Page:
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The Daily Wildcat

The Daily Wildcat

 

Column: Lax gun control to blame for increased violence, not religion

Following the terrorist attacks in Paris, the governors of 31 states including Arizona declared they oppose allowing Syrian refugees into their state borders. While they cannot legally carry this out, they can make the process extremely difficult for refugees to receive help from their states. These rejections are generated out of the irrational and prejudiced fear that aiding these refugees would also mean aiding ISIS terrorists in entering America undetected.

This fear is not only prejudiced, but also highly offensive — at least when you hear Sen. Ted Cruz’s justification for it. According to The Washington Post, Cruz stated, “We can’t roll the dice with the safety of Americans and bring in people for whom there is an unacceptable risk that they could be jihadists coming here to kill Americans.” His implication that every Syrian refugee has a terrorist agenda is flat-out ignorant.

Cruz continued to stress, presumably in an effort to justify his stance further, that he does not want to turn away Christian refugees, just Muslims. He argued that Christians pose no “meaningful risk” of a terrorist attack.

Do the Crusades or even the Westboro Baptist Church ring a bell? No one religion is more capable of harm than another, and Islam definitely is not the only religion in our world right now that’s followers commits acts of terror in the name of their beliefs. Ideally, yes, religion and war would not involve one another; but that is the way the relationship between the two has been since the major world religions emerged, and will probably not change anytime soon. In this case, it is better to be proactive about gun policy than jeopardize the principles that America was founded on by turning away those in desperate need for safety.

The real problem does not lie with these refugees seeking help from America. The real problem lies in the accessibility terrorists have to guns in this country.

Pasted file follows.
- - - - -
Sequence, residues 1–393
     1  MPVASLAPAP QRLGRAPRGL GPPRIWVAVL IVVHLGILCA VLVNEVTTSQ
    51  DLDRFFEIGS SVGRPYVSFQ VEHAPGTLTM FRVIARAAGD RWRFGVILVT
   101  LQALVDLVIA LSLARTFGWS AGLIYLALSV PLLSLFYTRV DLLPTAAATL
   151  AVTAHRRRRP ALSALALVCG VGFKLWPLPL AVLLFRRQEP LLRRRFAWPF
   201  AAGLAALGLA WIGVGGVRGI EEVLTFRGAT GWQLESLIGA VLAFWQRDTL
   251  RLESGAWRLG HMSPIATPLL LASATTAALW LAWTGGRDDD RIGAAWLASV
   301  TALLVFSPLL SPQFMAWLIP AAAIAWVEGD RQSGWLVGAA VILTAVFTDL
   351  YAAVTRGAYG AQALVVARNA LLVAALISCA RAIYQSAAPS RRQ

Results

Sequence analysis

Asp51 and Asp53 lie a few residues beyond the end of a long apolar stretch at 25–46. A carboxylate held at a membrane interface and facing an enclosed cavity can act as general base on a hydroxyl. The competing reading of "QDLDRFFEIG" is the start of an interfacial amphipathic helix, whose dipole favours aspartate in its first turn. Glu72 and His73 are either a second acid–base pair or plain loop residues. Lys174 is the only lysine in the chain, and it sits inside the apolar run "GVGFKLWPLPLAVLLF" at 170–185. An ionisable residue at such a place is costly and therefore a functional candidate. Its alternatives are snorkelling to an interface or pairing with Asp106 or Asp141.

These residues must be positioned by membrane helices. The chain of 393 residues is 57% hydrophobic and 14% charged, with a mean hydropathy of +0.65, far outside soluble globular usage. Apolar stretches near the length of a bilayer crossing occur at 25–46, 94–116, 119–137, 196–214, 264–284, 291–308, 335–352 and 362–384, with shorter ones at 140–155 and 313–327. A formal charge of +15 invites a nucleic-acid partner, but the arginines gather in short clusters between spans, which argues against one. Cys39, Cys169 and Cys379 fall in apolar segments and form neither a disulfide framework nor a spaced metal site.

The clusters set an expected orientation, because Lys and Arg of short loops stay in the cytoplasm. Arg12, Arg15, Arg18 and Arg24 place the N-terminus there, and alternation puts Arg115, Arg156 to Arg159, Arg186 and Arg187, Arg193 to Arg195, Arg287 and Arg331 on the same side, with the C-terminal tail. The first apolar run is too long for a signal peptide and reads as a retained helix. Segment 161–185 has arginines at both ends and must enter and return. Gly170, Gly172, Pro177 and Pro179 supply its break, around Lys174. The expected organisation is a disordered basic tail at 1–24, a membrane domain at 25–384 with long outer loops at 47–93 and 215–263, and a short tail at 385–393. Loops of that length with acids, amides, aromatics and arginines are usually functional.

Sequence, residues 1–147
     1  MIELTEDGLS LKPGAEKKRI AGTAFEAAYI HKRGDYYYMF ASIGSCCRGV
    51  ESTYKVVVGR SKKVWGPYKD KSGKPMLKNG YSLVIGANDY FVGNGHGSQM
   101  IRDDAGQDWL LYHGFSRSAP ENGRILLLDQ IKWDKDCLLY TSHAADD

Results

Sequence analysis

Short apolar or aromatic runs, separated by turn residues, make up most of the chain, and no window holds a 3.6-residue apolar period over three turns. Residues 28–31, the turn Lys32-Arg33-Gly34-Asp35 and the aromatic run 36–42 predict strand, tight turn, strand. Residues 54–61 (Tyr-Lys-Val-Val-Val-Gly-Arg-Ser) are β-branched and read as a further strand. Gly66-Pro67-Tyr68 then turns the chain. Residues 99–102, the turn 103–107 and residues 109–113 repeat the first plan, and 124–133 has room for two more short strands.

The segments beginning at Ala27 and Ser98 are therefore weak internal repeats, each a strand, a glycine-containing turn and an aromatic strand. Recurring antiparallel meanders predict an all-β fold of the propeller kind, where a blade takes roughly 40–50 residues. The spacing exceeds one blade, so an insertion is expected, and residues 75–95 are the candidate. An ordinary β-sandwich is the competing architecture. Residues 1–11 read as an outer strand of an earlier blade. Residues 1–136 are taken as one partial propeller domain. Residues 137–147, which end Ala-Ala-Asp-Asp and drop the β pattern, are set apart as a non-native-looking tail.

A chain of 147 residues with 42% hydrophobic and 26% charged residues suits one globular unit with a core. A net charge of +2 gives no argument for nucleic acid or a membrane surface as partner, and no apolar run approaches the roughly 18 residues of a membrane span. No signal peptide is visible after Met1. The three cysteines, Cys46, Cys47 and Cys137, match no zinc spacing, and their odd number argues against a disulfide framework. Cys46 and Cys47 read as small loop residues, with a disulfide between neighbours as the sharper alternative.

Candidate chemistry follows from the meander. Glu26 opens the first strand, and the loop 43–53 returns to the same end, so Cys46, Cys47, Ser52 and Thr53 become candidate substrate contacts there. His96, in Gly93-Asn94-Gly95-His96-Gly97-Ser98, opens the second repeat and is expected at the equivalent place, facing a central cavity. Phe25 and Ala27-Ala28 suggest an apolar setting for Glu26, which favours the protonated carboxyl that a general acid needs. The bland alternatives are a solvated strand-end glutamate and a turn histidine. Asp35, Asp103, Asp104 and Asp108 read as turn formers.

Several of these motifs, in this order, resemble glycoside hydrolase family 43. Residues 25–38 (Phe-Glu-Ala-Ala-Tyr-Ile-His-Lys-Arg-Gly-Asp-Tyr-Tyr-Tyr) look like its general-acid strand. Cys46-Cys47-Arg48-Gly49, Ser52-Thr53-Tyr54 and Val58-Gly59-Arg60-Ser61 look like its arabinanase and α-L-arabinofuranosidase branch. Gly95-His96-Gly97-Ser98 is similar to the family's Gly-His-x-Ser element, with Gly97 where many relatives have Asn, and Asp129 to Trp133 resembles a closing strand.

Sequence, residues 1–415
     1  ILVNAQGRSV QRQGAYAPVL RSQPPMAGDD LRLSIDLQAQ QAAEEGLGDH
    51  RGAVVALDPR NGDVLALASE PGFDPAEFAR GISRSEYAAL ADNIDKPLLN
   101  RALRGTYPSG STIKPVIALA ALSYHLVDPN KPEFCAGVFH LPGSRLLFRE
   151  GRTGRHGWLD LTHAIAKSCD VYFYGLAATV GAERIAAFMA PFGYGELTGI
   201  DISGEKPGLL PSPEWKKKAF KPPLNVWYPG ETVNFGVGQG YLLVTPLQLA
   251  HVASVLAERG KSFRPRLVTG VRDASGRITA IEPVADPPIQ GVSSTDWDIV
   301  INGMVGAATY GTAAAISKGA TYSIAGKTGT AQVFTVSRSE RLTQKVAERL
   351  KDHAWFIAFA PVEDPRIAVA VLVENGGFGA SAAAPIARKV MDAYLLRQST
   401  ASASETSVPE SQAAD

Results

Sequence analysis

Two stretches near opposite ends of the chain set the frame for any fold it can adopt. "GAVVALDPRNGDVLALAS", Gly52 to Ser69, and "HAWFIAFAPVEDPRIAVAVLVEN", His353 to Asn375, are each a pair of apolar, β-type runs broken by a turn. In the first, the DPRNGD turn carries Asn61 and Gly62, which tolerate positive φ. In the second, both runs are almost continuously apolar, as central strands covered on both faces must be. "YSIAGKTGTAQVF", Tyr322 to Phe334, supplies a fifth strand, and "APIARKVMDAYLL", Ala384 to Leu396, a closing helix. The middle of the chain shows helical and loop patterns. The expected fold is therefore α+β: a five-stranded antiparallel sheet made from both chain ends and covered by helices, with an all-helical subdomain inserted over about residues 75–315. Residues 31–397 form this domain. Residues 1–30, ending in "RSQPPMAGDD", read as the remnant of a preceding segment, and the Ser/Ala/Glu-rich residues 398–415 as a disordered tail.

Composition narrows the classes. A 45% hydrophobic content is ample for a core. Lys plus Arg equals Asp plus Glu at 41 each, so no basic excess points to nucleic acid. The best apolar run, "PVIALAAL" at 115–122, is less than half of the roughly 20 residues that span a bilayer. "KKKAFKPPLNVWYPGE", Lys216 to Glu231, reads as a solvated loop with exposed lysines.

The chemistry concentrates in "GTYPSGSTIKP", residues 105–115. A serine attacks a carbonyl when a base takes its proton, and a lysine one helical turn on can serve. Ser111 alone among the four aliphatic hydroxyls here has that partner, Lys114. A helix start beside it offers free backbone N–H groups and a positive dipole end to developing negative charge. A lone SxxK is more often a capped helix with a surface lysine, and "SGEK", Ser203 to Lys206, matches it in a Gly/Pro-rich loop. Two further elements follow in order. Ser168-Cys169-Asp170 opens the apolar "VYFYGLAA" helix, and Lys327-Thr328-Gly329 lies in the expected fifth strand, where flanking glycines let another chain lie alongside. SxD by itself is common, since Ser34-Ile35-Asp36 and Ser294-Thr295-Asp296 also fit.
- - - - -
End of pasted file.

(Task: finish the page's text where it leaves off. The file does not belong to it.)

Rep. Tony Dale, a Republican congressman for the state of Texas, expressed that one of his top concerns about the refugee situation is how easy it is to buy a gun in his state.

Dale is not wrong. The availability of guns for anyone in America, even legally, is nonsensical. According to the Government Accountability Office, between 2004 and 2014, 91 percent of the time suspected terrorists attempted to buy guns in America they succeeded. This is because the law only bans felons, fugitives, drug addicts and domestic abusers from purchasing guns. However if a person’s background check indicates he or she is on the FBI’s terrorist watch list, usually under “reasonable suspicion,” they are not prohibited from legally purchasing rifles or handguns. Some bipartisan groups attempted to pass a law that would no longer make this possible, but the National Rifle Association not surprisingly, opposed it.

The argument is not that all guns should become harder to attain for American citizens, or that the Second Amendment should be compromised in any way. The background checks for the purchase of guns here however, are illogical. The fact that the NRA is the only group standing in the way of the provision only makes the situation and the law more frustrating.

While an attack in America that imitated those around the world recently would be tragic to say the least, we should not act out on our fears by taking them out on the refugees. Instead, we can be overly cautious and act out on them by changing our own management of firearms. This slight modification to the law is not a remedy for all future fear of terrorism in America, but it is a step in the right direction toward sensibility and away from enmity.


Follow Jessica Suriano on Twitter.


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